27 minutes | Mar 15th 2020

EP 023: L&D Myths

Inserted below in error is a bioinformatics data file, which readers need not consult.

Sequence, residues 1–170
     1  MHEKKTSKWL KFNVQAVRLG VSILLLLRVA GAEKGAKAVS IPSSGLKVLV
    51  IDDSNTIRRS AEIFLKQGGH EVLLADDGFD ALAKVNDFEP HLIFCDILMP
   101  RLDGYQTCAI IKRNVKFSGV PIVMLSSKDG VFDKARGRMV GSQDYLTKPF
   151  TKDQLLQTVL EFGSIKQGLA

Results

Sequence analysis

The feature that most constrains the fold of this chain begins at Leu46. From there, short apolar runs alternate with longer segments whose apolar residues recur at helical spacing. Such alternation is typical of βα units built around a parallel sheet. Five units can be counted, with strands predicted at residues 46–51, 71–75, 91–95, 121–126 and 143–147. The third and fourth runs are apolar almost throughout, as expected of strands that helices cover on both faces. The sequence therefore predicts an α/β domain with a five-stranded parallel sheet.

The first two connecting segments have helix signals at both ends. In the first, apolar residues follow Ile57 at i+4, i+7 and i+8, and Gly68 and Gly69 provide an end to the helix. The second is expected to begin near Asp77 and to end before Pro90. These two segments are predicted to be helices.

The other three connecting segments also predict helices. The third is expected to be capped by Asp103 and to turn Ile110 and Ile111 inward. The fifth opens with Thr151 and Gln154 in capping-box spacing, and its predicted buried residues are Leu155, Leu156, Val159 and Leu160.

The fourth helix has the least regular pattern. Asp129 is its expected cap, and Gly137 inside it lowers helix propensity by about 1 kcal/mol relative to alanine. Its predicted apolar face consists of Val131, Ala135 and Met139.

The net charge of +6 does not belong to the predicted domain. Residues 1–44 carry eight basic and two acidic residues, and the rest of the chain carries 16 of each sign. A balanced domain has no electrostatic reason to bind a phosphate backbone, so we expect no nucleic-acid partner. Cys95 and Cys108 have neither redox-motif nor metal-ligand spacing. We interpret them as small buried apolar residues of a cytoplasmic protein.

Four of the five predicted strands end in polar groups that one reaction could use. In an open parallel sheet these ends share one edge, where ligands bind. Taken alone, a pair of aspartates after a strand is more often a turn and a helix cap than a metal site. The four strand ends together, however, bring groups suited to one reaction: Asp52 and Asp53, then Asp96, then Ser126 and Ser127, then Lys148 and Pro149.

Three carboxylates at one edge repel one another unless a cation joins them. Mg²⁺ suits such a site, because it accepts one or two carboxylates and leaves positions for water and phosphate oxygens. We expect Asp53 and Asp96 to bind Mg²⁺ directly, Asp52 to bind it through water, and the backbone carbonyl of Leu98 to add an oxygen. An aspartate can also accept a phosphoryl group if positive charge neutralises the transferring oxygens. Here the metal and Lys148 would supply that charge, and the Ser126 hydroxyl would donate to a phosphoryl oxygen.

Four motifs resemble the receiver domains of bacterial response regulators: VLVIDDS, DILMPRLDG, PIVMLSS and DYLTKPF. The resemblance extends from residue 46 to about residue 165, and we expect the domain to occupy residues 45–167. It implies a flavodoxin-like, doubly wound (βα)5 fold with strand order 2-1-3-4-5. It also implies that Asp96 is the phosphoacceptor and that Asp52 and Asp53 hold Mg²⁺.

Myths in Learning and Development There are many pervasive myths in the field of learning and development. Despite most being disproved, some continue to be promoted as fact. Some are even dangerously counter-productive to learning. In this episode, Cara and Joe discuss some of these common myths and share their perspectives. Connect with Cara & Joe Support the show Music created by Jahzzar. Show Transcript: North, Cara A.  0:01  They tickle our imagination. They invite others to make their own. They even create community around those who appreciate them. So why is it that myths in learning and development space aren’t as beloved as tall tales, folklore and pop culture? Well, the answer is quite simply that they are dangerous to the profession that many of us love. Welcome to the Instructional ReDesign Podcast, stories and conversations about the modern learning experience. Suarez, Joseph  0:30  Is that the right one, about designing? North, Cara A.  0:42  I’m Cara North and today Joe and I are going to dive headfirst into some of these pervasive myths and explore their origins and what can be done to slay them. Now want to start with one that I kind of fell across in 2014 when I took a graduate class called adult learning. Now you have to remember, this was my first graduate class in the master’s program, and I was eager to learn all about it. Now, about halfway through the course, I learned about a gentleman named Malcolm Knowles, who explained this term called andragogy. And andragogy is essentially kind of like the opposite of pedagogy. Andragogy is about how adults learn. And for him, this breakthrough was kind of again about that the adults do learn differently from children. Now, he used this approach of self directed learning. And he said that that was kind of the way that you should implement andragogy. He helped groups of students kind of take responsibility for their learning, they were able to be a part of the subject matter for the course. And he kind of had these four principles of andragogy that I just want to touch on really quick. So the first is basically that the adult learner needs to be involved. So they need to be involved somehow and kind of the planning and evaluation of their instructio. Two would be that adult learners experience also comes into play in the way that they learn. So experience and that can include, you know, good or bad provides kind of the basis for learning activities. Three would be relevance and impact into their lives. This would be classified as the what’s in it for me effect. So why should adult learners care about this? And four is problem-centered. And so how is it that they’re going to learn through a problem centered curriculum versus a content oriented. So this is more about applying what they already kind of have in their brain. Now, again, kind of going through this, there’s kind of two ways to kind of understand this. So there was kind of these different resources and studies that were done that basically said the andragogy is more like the science and art of helping adults learn whereas pedagogy is like the art and science of teaching children so it’s more on kind of your spoon fed you’re telling of you know, this is the way this is. Two plus two equals four versus in an  adult classroom it’s more, okay, two plus two equals four. Why is that? Like, why do you think that is? How do you know that’s true? So more kind of critical thinking cap is kind of the way that it was initially kind of put out there. So I’m in this class, Joe, and I’m like, okay, sure. I think that makes sense. I mean, it’s coming from, you know, scholarship. It’s coming from all of this Suarez, Joseph  3:25  Sounds logical. North, Cara A.  3:26  Yeah, seems logical, right? But let’s think about this a little bit further. So for me, a couple things that I want to talk on about why this maybe shouldn’t be as embraced as much as it is the number one what defines an adult learner? What in the heck does that mean? Does that is that their age? Is that how many hairs they have on their chin? Is that if they’re living on their own? I mean it it doesn’t really operationalize and say what an adult learner is. So Joe, what do you think an adult learner is? Suarez, Joseph  3:56  I guess legally you become an adult learner at the age of 18. So that would make a bunch of high school seniors adult learners, right? North, Cara A.  4:01  I think so. And then also, I think that would put our college population, our college students, the folks that are considered the traditional, if you will, college students are definitely adults as well as the non traditional college students, which I absolutely hate that term and can’t believe I said it. But that’s a horse of another color. And two, I want to talk a little bit more about the self directed learning piece. So let’s talk begin about like, what does that mean? So first of all, if adults are naturally self directed, does that mean that they’re always coming in with a great attitude ready to learn? No, I mean, there’s a lot of different bags, that we all kind of carry in our own environments of what that looks like. Second is the way that it is kind of put into the literature about the self direction. It’s kind of all or nothing. Either you got it and you are self directed, or you’re not. It’s kind of on this continuum of extremes. We all know you may be in a learning environment, you might be briefly distracted, but then you can get your mind back in the game to make it happen of whatever it is that you’re trying to learn. So there’s that. And then kind of like the last one is that self directed learning means learning in isolation. That is not true. And I know that a lot of us know the benefits of social learning. Being able to bounce ideas off people is super important. So again, there’s kind of this dimension of the self directed learning, and that it’s adults only. But fundamentally, I mean, can we really say biologically, that adults and children learn differently? Suarez, Joseph  5:41  Yeah, that’s a tough one. I mean, a lot of what you mentioned about what defines an adult learner comes down to previous experience and not just being a blank slate that you can kind of cram information to. It’s like, well, I’ve already learned something. So how does this new piece information fit within what I already know and also how is that going to apply to me in my life? Those are the things, the assumptions that I see from the principles you mentioned. But I also think that those are traits that people start to develop probably in like junior high, or even sooner, where they’re already starting to look a little more critically at the information that teachers are presenting to them in school and say, Well, what does that have to do with me and, and my desire to go out and skateboard and be a rebellious teenager? Well, maybe that was just me. North, Cara A.  6:31  No, I know, I agree with you. And going back to the principles if you remove adult out of there and add in, let’s say, dog, so, you know, dogs want to be involved in the planning and evaluation of their own instruction. Yeah, dogs want to do what they want to do, right? You know, dogs, learning experience provides the basis for learning activities. Yeah, if you crack their hind end if they’re not doing something right, and then a dog is probably going to remember that right? So that’s kind of my problem with it. I don’t think it is just about adults. Do I believe that experiences matter in learning? Do I believe that motivation matters in learning? Absolutely. But just to say that adults are the only ones that are impacted by that, I think is just a little bit limiting to kind of, again, our audience in learning and development, we want to make sure that we’re inclusive of everybody and not just say that adults do this. And adults do that. That’s just kind of one of my little soap boxes. Suarez, Joseph  7:34  Yeah, it’s one of your soap boxes. I think you have many soap boxes. So what’s your next soapbox there? North, Cara A.  7:40  My next soapbox is learning styles. Now I’m sure if you’ve taken any kind of education class ever, you’ve likely heard of learning styles. And if you haven’t, basically, it’s a theory that kind of gained popularity I believe in the 1970s here in the United States. Basically the crux of it is that all students can be classified according to their style of learning. So in other words, individuals learn differently. Now again, on the surface, if you think about it maybe doesn’t sound too outrageous as you may like to listen to podcast, or maybe you want to read a text to learn new information. Now, the primary flaw here for me is that it assumes that the fundamental process of learning where the brain codes and recalls information is different from person to person. Now, if they would have changed it from learning styles to learning preferences, I think that might have avoid some of this criticism. Now, each person has an individual preference, perhaps on what they do or don’t like when it comes to learning. But that doesn’t mean that the fundamental neuroscience of how we learn changes. Now there are many educators in the field that actually still do not realize that there is still no research evidence to back up the claims that students learn through a preferred cognitive style, which includes visual, audio, kinesthetic, and reading and writing. So there’s a gentleman that I met in my higher ed studies, his name is